Watt’s Steam Engine

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Inside the Engine

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Lighting the Fire

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Running the Engine

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If you want to read more in-depth about Watt’s development of the steam engine, Chapter III of “The Development of the Modern Steam-Engine: James Watt and His Contemporaries” is online, and there’s also various links at Watt’s page at the Scottish Engineering Hall of Fame.

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Patent No. 616696A: Hose Cleaner

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Today in 1898, US Patent 616696 A was issued, an invention of John R. Cochran, for his “Hose Cleaner.” There’s no Abstract, although in the description it includes these claims:

My invention relates to methods of cleaning and cleaners for the interior of hose or pipe, and more especially such hose or pipes as are used by brewers in racking off beer. During the process of racking off beer the hose or pipes used as conveyers become fouled or dirty in the interior and it becomes necessary to clean the hose or pipe. Inasmuch as the dirt or foreign matter generally adheres firmly to the wall of the hose or pipe, it is not an easy matter to dissolve, loosen, or discharge it. By the use of my method and devices the dirt collected in the tubes is thoroughly loosened or dissolved and carried off or discharged, leaving the interior of the tubing or hose clean and sweet.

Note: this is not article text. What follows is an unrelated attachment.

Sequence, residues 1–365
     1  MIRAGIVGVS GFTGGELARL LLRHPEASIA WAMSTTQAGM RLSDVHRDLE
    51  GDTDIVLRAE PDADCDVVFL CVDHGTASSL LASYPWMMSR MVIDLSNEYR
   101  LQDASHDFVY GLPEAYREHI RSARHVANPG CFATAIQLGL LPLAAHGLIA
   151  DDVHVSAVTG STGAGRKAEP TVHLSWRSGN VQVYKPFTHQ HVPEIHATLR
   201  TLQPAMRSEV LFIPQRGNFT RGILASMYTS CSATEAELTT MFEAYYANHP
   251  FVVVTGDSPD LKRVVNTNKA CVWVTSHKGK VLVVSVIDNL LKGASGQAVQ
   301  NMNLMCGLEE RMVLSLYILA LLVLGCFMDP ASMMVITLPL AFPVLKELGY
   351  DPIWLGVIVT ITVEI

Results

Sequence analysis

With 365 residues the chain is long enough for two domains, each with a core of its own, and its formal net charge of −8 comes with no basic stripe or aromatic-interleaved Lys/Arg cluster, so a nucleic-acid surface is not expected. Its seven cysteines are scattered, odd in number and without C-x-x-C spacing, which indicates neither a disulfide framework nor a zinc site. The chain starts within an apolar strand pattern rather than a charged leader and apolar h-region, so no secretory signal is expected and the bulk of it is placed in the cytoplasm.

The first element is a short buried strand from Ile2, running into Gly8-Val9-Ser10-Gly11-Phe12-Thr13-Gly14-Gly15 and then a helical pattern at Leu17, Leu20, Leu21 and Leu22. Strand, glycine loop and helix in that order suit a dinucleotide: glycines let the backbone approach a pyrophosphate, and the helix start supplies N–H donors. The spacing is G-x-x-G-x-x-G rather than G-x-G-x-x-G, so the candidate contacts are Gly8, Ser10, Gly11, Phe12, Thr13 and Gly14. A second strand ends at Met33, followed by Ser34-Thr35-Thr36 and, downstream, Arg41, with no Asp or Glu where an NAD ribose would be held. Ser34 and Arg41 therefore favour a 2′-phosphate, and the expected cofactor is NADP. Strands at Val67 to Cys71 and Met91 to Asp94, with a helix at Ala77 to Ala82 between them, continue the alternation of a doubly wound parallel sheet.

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Patent No. 639761A: Underback

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Today in 1899, US Patent 639761 A was issued, an invention of Frederick Orth and Frederick Schimper, for their “Underback.” There’s no Abstract, although in the description it includes these claims: